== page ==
USU Streamlines Students' Return to School
Current and prospective Utah State University students are encouraged to lock in admission and scholarships prior to leaving for church, military or humanitarian service.
Those who do may find themselves one step ahead of the curve in a couple of years, said John Mortensen, assistant vice president for Enrollment Services and Retention.
To make it as convenient as possible, the university has created a one-stop leave of absence website to help walk students through the process of applying and deferring attendance at USU. The site is at www.usu.edu/loa.
The message to prospective students is to apply now, regardless if they are planning to be away. For those leaving for military, church or humanitarian service, USU will allow admitted students to defer admission and scholarships for two-and-a-half years. By being proactive, students who leave will have one less thing to worry about when returning home. It will also help to fast-track them back into college and life-long careers, Mortensen said.
“College can wait but planning for college should never be put on hold,” he said. “Prospective students who plan to leave for church missions or to serve in other humanitarian or military capacities are highly encouraged to apply for admission and scholarships before they leave.”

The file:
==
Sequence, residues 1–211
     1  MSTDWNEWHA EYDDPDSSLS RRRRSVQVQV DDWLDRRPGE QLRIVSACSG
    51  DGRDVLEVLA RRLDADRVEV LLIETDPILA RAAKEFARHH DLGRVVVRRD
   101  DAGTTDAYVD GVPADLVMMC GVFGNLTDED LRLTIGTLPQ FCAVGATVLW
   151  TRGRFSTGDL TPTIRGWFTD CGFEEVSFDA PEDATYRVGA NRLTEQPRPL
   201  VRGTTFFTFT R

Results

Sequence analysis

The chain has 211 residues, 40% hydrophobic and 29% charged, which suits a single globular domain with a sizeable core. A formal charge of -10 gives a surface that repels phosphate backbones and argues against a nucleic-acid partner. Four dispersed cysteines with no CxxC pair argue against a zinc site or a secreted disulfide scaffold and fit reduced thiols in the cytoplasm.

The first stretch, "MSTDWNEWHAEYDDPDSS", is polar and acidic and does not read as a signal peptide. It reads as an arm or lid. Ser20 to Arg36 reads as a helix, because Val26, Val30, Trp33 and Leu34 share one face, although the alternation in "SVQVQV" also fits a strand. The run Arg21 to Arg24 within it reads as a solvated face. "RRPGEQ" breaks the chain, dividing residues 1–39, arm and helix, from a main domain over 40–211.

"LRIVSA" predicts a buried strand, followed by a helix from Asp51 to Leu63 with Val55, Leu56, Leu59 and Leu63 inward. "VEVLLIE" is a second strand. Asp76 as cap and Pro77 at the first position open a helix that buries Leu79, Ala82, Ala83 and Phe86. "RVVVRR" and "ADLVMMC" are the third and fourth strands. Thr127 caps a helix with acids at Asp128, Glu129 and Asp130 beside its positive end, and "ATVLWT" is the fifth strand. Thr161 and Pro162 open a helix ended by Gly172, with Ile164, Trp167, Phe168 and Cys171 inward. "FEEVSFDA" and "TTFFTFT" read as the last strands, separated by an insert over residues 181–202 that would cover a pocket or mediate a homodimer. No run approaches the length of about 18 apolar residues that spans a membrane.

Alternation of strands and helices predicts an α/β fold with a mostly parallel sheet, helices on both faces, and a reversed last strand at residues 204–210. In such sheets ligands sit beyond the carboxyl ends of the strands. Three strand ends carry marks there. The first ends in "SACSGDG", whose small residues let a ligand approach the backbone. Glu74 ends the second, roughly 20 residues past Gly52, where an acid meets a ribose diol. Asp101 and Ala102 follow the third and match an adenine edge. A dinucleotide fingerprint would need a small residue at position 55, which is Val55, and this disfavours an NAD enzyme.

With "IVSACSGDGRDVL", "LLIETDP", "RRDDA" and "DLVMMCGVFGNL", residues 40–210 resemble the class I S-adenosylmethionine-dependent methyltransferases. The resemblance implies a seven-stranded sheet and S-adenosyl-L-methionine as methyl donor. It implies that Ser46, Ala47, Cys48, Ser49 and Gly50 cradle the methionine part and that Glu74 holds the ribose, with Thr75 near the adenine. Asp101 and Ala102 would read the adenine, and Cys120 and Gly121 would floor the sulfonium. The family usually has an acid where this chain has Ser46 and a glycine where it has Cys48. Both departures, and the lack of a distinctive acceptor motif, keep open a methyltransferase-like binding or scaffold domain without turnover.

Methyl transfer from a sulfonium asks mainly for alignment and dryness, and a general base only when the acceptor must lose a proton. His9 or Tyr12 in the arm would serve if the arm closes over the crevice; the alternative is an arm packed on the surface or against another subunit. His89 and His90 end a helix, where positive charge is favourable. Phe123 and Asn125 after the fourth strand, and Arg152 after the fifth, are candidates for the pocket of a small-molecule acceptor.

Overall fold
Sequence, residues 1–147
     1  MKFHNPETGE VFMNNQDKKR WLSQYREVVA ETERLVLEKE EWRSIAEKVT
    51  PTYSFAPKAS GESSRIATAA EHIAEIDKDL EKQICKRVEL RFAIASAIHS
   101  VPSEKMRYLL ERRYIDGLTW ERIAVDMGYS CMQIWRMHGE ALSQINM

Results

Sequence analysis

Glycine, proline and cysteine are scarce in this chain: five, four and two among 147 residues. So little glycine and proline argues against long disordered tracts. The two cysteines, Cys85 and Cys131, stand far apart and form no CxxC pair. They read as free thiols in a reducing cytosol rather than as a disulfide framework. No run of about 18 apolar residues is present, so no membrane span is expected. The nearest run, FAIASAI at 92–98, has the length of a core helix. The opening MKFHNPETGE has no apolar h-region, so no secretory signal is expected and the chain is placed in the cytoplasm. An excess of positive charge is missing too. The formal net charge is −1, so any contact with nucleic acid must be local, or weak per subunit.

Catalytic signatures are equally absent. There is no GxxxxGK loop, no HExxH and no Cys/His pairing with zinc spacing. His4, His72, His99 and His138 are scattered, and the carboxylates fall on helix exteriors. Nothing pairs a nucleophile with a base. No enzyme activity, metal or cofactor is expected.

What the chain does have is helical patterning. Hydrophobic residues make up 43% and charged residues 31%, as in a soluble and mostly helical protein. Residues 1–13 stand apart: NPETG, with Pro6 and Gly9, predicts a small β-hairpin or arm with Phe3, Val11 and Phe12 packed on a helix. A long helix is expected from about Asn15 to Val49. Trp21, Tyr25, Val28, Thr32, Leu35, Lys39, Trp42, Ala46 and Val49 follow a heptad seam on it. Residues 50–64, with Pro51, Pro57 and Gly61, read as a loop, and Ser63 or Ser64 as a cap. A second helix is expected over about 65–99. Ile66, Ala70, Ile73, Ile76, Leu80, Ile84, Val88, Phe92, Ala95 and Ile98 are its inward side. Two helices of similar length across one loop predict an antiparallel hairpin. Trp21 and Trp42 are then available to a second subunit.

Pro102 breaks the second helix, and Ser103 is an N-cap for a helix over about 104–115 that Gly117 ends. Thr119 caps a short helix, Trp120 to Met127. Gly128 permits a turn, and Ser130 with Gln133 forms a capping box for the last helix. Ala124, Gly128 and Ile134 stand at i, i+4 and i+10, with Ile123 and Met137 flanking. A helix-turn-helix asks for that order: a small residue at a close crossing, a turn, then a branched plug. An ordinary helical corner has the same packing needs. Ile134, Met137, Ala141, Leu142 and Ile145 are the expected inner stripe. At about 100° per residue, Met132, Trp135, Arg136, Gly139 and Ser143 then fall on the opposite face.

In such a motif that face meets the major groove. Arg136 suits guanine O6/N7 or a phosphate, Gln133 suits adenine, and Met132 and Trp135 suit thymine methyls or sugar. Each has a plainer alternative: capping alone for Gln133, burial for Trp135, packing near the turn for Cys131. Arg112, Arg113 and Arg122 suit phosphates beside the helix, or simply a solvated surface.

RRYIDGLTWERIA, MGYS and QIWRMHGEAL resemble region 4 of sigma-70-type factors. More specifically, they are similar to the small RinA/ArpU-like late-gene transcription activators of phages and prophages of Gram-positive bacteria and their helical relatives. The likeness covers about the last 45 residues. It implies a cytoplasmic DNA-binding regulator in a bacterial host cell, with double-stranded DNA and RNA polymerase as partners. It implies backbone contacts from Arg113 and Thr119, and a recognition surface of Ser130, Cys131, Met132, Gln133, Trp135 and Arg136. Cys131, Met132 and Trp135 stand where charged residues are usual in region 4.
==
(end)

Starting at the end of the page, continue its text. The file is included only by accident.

It is a round-trip ticket approach to college planning to ensure admission to USU and take advantage of scholarship opportunities now, rather than later. The scholarship deadline is Dec. 1.
“Scholarship parameters could possibly change while they are gone,” Mortensen said. “It’s better to lock in the admission and scholarship now.”
The leave of absence website helps both current and prospective students properly plan while officially letting the university know of their intention to eventually attend USU. The one-stop site gathers all the necessary data the university needs to hold a student’s place and better anticipate his or her return, Mortensen said.
“It is designed to simplify the process for students in their transition back to USU,” he said. “Once students fill out the necessary documentation, they can go and not have to worry about reapplying. Otherwise they would be required to re-apply.”
Students in transition who are waiting for a missionary or other service assignment, but who are not sure about registering for classes in the spring, are encouraged to go ahead and register anyway. If after registering, they find they will be leaving before or during spring semester, they have up until Jan. 28, 2013, to drop their classes and get their tuition refunded at 100 percent.
The university created a special task force to explore options to best accommodate students with special leave of absence situations. It was also formed to address ramifications behind an October announcement by The Church of Jesus Christ of Latter-day Saints that it was lowering the age for its young members to serve proselyting missions, beginning at age 18 for males and 19 for females. A majority of USU students are LDS.
Contact: John Mortensen, assistant vice president for Enrollment Services and Retention, 435-797-9303;email@example.com
Writer: John DeVilbiss, Public Relations and Marketing, 435-797-1358; firstname.lastname@example.org